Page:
Through her representations in the play and movie as well as in different editions of the dairy, documentaries and TV series, Anne Frank has turned into an icon of cheerful, clever, willful young girl representing those who suffered and died under the murderous regime of the Nazi Germany. Although confined to live in the Annex in order to escape death, she had a will to survive, and tell her own story through her writings. Her death marking the loss of her potential future and plans came to embody all lost futures of the Holocaust victims. As a universally known icon, she is ‘the victim’ to be mourned, and mourning her means mourning the horrors and deaths of the Holocaust. Reading and watching her life is seen as an act of remembering the Holocaust and mourning the victims. What makes Anne Frank an iconic image of an event that claimed millions of lives? How is it possible that her life was appropriated by so many people to remember and mourn that event which themselves did not experience? Griselda Pollock (2007) believes that the diary, especially its edited versions, is easy for people to appropriate as a source of remembrance because “it is both though enough and sufficiently sentimental…to introduce the topic of the Holocaust without exposing readers to events too shocking to contemplate” (Pollock, 2007, p. 127). Anne Frank’s life in the Annex does not directly involve bodily horrors of the Holocaust; mass shooting, tortures, gas chambers, and sexual violence. We do not get to read about her death in the Bergen-Belsen concentration camp. Her youthful face is forever frozen in time, and her sincere account of her life in the Annex enables the cultural appropriation of the Holocaust; she becomes an icon through being “the face and voice of a cultured, middle-class, articulate teenage girl whom both images and writing appears to suspend between a brief life and a long immortality without passing through the pain of her dying” (Pollock, 2007, p. 127).  However, can the fact that the diary is easy on the readers be the only explanation for Anne Frank being a universal icon? Is it enough to say that the reason why she is an icon is because her representations are untouched by cruelty of the Holocaust?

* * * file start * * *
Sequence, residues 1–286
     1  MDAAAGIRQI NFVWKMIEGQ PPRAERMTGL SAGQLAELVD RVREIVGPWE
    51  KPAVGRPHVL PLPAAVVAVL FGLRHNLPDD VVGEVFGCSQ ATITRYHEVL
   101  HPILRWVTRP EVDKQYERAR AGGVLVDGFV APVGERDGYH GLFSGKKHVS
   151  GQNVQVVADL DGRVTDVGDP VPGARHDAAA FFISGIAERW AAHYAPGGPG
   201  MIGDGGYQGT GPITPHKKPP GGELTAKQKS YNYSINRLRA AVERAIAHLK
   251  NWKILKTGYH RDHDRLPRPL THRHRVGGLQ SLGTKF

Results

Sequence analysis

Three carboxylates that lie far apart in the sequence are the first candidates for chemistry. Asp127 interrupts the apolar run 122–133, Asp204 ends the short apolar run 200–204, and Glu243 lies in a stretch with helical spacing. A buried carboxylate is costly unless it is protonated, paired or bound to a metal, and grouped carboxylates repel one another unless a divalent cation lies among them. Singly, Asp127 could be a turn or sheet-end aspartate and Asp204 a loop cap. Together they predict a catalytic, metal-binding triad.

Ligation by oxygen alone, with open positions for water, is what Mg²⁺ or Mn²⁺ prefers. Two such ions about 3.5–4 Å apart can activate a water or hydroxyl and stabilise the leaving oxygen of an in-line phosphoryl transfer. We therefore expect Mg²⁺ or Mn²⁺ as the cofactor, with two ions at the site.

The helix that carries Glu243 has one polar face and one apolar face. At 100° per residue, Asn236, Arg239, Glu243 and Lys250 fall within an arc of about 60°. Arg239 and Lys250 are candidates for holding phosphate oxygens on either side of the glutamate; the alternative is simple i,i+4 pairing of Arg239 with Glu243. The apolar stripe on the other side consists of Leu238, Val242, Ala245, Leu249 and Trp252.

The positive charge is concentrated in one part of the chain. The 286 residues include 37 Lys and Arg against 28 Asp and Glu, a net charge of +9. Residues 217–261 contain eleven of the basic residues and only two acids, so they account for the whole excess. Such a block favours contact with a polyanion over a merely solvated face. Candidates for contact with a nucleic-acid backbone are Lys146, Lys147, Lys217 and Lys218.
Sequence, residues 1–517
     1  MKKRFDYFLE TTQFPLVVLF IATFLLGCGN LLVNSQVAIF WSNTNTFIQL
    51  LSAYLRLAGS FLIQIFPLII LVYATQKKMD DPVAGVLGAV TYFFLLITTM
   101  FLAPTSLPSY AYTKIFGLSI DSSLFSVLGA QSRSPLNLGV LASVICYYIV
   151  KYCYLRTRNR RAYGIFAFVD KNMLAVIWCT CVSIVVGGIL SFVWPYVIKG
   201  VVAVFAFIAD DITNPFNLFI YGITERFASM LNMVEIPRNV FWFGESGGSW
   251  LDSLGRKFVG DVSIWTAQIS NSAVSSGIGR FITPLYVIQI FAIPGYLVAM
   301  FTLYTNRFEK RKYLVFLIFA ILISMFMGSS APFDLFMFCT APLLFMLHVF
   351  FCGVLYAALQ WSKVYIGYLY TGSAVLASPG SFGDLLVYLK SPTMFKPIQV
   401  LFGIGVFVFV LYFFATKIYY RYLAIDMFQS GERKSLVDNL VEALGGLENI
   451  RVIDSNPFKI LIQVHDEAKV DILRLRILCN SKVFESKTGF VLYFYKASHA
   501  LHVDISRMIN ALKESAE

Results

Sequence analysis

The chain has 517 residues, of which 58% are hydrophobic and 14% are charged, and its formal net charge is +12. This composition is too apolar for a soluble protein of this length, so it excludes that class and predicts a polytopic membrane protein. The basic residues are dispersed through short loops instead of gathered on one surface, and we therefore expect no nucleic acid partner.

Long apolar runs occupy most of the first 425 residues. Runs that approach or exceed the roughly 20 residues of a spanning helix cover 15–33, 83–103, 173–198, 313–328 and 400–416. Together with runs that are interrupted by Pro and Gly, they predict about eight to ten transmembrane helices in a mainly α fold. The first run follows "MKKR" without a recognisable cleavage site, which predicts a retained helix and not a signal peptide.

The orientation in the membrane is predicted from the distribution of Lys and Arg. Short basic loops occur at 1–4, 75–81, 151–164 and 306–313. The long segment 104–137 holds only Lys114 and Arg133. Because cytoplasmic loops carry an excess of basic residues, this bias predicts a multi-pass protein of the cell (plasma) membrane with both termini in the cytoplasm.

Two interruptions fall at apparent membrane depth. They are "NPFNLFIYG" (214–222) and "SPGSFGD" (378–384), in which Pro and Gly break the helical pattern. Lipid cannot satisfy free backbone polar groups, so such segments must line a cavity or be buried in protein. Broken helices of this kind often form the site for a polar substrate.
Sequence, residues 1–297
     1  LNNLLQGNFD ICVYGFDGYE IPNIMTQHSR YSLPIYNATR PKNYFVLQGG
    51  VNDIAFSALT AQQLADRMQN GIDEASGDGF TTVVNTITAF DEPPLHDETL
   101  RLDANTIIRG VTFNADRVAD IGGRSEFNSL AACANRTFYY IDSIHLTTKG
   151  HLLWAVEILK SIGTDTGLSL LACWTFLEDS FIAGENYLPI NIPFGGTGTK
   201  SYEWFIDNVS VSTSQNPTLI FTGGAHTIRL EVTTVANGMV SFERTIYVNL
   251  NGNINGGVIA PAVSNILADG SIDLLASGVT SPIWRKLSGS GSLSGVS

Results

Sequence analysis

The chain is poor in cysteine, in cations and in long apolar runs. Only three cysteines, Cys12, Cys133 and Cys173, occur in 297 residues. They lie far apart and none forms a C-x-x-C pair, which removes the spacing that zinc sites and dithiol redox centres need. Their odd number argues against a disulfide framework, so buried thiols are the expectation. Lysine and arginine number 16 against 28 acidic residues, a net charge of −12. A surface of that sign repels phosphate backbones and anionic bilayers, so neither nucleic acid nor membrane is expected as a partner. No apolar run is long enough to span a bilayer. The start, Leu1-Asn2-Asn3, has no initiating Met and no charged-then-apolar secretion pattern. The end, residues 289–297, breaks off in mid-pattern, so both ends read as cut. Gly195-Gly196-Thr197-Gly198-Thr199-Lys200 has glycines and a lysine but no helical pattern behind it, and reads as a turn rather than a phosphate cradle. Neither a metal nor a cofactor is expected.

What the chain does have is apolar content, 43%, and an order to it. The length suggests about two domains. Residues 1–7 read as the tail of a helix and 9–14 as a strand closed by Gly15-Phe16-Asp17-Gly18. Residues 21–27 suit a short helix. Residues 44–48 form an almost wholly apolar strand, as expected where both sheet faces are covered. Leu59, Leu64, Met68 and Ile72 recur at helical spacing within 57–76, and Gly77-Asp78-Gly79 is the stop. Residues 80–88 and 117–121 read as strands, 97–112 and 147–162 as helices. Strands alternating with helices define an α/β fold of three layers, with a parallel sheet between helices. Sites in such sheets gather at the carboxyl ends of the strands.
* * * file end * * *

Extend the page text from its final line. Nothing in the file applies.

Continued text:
In order to understand how Anne Frank become a universally remembered and mourned victim, her iconic mode of representation should be analyzed at the intersection of gender, race and age. I believe that these three categories of difference play a crucial role in shaping Anne Frank into a grievable person by everyone. Moreover, through this case study, I aim to show that mourning is actually a gendered act; grievability of Anne Frank is dependent on her image fitting into a gender script written for female victims of the Holocaust. In other words, I will argue that in order to make Anne Frank accessible, appropriable and grievable by everyone, she is stripped of sexuality and Jewishness, and she is feminized and infantilized. Thus this paper will contribute to the existing literature on Anne Frank, a gendered and racialized understanding of how mourning works through idioms available to us in the master narrative of the Holocaust. Simultaneous de-sexualization and feminization of Anne Frank is a reflection of interplay of age and gender; her representation as a teenage girl (between ages of 13 and 15) means silencing of her sexuality while she embodies the feminine face of the victimhood. Her image fits into a well-known, totalizing category of victimhood; ‘women-children’.